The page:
These growing assertions of pride in Korea’s cultural identity did not reach the level of proclamations of Korea’s formal equality with China until the end of the nineteenth century. However, the ground was prepared for such proclamations by these earlier strides toward more explicit acknowledgement that Koreans constituted a respectable and distinct cultural community. Without such challenges to political and cultural Sinocentrism before the encounter with the modern world, the nationalism that arose in response to that encounter would have been much more muted and have emerged much later.
One more feature of the modern world whose roots we can trace back to the sirhak movement is the call for a government more responsive to the needs of those it governs and for one that promotes more equitable distribution of the country’s resources. Chosŏn Korea was not a democracy, and none of the sirhak scholars proposed that it become one. However, Confucianism called for a government that was responsible for the people it governed. In fact, the Confucian Mandate of Heaven concept allowed people to rise up and overthrow a government that was considered illegitimate— defined in terms of failure to ensure that those people are safe from threats to their lives from either bandits or starvation, and were treated fairly. In the eyes of some sirhak scholars, that minimal requirement for a legitimate government, particularly the requirement of fairness, was barely being met.
Yu Hyŏng-wŏn, Yi Ik, and Chŏng Yagyong (1762-1836) were concerned about poverty among the masses. To address the unequal distribution of resources they were convinced was responsible for that poverty, they proposed a redistribution of farm land, taking from those who had more than they needed and giving it to those who did not have enough.5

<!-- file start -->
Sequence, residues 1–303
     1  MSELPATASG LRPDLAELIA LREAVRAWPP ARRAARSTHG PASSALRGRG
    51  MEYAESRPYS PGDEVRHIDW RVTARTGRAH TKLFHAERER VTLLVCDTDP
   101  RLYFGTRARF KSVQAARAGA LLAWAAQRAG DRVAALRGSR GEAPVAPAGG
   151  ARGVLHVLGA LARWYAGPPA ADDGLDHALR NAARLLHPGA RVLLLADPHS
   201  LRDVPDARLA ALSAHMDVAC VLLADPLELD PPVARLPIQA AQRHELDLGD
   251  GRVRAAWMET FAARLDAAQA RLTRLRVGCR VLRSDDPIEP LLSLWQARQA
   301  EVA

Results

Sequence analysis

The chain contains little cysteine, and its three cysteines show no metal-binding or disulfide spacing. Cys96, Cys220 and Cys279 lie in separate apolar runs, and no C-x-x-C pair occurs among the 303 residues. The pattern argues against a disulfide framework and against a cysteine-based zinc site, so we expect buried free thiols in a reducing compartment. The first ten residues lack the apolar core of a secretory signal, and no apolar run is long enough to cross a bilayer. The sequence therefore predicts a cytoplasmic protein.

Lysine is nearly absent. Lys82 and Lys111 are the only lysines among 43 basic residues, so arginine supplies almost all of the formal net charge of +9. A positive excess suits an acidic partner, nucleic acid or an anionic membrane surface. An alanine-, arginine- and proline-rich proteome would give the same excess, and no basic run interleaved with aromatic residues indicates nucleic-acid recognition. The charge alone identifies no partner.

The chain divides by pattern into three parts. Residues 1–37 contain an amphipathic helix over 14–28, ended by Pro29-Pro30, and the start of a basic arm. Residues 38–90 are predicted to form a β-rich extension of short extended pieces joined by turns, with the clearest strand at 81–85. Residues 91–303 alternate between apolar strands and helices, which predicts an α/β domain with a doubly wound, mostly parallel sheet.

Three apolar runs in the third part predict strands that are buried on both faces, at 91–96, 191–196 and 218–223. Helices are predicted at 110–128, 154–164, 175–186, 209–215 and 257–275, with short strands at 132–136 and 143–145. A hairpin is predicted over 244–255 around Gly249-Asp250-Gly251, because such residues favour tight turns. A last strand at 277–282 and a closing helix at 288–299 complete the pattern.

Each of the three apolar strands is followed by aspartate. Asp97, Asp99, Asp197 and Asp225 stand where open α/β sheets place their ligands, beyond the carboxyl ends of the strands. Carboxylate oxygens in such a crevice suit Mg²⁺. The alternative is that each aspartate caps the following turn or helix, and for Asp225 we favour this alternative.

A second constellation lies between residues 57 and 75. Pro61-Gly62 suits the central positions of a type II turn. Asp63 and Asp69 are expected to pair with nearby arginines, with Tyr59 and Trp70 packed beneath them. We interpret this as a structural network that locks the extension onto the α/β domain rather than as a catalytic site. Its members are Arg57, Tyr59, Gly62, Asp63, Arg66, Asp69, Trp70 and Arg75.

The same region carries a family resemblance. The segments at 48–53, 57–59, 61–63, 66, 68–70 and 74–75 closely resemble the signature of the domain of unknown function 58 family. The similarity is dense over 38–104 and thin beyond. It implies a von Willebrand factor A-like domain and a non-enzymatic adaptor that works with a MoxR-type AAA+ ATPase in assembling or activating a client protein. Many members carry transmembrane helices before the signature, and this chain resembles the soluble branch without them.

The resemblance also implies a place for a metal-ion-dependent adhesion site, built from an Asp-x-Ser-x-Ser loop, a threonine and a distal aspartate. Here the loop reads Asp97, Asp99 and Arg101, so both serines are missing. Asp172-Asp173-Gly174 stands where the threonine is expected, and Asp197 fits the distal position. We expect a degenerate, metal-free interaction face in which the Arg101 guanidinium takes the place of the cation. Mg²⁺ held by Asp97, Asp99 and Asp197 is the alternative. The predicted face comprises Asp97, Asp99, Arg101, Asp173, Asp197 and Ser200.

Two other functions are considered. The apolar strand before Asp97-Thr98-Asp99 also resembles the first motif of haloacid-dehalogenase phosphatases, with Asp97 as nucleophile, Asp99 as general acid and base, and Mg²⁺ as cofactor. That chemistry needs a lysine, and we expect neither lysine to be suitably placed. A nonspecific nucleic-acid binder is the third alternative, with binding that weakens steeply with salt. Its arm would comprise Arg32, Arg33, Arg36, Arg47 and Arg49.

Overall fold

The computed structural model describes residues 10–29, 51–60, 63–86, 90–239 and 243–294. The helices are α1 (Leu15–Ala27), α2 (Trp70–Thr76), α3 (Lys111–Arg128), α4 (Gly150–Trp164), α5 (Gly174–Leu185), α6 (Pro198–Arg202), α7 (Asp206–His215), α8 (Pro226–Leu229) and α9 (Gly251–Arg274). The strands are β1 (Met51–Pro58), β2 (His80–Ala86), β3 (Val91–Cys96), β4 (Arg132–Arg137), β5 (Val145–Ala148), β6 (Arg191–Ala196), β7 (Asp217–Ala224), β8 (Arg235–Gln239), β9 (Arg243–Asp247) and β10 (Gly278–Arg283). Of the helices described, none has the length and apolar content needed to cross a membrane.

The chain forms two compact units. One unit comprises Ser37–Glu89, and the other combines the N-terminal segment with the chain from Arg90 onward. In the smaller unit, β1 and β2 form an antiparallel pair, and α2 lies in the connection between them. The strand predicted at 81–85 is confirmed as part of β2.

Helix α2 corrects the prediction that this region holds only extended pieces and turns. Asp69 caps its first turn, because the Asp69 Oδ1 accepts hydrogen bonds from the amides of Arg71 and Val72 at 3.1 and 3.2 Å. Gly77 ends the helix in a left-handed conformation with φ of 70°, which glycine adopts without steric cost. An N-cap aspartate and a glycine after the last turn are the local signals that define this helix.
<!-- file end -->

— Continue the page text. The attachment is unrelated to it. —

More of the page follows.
Chŏng also addressed the issue of ineffective and unjust governance. Early in his career as a government official, he had served as a district magistrate. Later, when he was forced out of office and into exile because of his involvement with the founding of a Catholic community in Korea, he drew on his experiences to write a guide to local government administration. His Admonitions on Governing the People presents example after example of exemplary district magistrates performing their duties as tax collectors, judges, and administrators of famine relief and public works in such a way that no one can complain that they were treated unfairly. He contrasts those salutary examples with examples of district magistrates ignoring the needs of the people in their districts by engaging in favoritism or pursuing their own selfish interests instead. His overarching advice is that government officials should remember that they are responsible for taking care of the people in their district the way a shepherd takes care of his flock. The job of a district magistrate is to help the people in his district live more productive lives. To do that, he points out, he needs to treat them fairly and remember that he was not appointed to that post to make his own life more comfortable.6